Christ was taken to His Trial at the Praetorium, Pontius Pilate’s palace, by way of 28 marble steps. Today, they are known as the Scala Sancta: the Holy Stairs.

“The soldiers led him away inside the palace, that is, the praetorium, and assembled the whole cohort.” – Mark 15:16

According to pious Catholic tradition the Scala Sancta, “Holy Stairs,” are marble steps leading up to the praetorium that Christ stepped on as He went to his Trial before Pilate.

In 326 A.D., Saint Helena brought the marble steps from Jerusalem to Rome where they become known as the Scala Sancta and later in the Middle Ages the Scala Pilati, “Stairs of Pilate.” The Holy Stairs originally led to a corridor in the Lateran Palace near the Chapel of Saint Sylvester, and were covered with a special roof.

In 1589, the Holy Stairs were moved by Pope Sixtus V when he had the Lateran Palace in ruins torn down and rebuilt. The stairs were reconstructed in their present location today, before the Sancta Sanctorum, Holy of Holies, chapel in the Lateran Palace.

Since they were brought to Rome, the Holy Stairs became a popular pilgrimage site for those who wish to honor the Passion of Christ. In devotion, Faithful ascend on their knees, including many popes in the past: Popes Pius IX, Pius VII, and Pius X all performed the pious exercise.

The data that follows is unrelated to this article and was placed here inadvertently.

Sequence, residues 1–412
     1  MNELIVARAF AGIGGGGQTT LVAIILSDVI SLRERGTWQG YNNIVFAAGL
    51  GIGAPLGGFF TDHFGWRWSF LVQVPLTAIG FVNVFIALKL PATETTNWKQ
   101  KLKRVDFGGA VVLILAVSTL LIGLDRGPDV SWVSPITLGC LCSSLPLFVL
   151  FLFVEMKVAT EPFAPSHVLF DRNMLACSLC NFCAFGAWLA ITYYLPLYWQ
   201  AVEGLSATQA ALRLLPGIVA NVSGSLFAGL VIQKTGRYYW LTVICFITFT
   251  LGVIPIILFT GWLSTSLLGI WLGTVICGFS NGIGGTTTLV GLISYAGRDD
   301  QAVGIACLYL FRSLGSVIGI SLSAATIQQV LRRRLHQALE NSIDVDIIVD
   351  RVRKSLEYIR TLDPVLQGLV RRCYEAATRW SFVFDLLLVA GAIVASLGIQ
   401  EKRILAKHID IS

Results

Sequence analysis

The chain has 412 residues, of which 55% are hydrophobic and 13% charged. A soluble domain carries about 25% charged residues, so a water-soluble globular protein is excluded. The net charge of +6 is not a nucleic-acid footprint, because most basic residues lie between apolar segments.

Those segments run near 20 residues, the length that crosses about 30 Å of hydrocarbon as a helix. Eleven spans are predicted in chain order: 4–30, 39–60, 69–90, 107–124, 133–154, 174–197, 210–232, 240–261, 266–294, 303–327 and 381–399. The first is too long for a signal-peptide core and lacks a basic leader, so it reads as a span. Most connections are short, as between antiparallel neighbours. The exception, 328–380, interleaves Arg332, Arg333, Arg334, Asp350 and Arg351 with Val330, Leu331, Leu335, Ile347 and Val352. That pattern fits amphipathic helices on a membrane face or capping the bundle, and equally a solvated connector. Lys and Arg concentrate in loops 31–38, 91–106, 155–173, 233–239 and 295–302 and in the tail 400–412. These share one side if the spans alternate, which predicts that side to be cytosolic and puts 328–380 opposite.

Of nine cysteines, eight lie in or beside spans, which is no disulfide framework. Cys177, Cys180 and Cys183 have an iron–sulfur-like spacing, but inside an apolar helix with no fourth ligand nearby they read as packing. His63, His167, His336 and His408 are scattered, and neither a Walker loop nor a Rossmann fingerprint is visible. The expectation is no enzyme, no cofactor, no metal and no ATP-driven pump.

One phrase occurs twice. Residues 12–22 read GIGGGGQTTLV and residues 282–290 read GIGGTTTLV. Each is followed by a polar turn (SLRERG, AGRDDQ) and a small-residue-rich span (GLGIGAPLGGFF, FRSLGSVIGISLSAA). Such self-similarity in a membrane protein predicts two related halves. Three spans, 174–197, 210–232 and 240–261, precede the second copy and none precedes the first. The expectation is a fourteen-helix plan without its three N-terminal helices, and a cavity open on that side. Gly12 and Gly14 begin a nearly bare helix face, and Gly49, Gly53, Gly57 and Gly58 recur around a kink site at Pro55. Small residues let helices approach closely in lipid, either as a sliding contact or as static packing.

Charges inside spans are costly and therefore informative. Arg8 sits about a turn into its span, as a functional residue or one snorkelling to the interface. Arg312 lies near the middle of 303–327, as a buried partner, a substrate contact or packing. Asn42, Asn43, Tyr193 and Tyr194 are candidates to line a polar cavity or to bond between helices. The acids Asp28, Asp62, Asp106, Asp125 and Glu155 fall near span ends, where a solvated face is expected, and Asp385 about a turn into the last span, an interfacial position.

The “the most important step” is kissed by pilgrims, cracked down the middle with a metal cross and a raised metal grate. According to pious tradition, Jesus fell at the 11th step, cracking it with his knee. The cross marks the impact and the grate covers what is said to have been a drop of His blood. Another cross marks a step at the top of the staircase where tradition says there was another drop of His blood.

Since 1723, the Holy Stairs have been encased in thick wooden panels, left uncovered for the public to protect them. However, a week before Holy Week on April 11th, cleaned Holy Stairs and a restored fresco hallway will left open to the public temporarily after a special blessing ceremony at the Sanctuary of the Holy Stairs.

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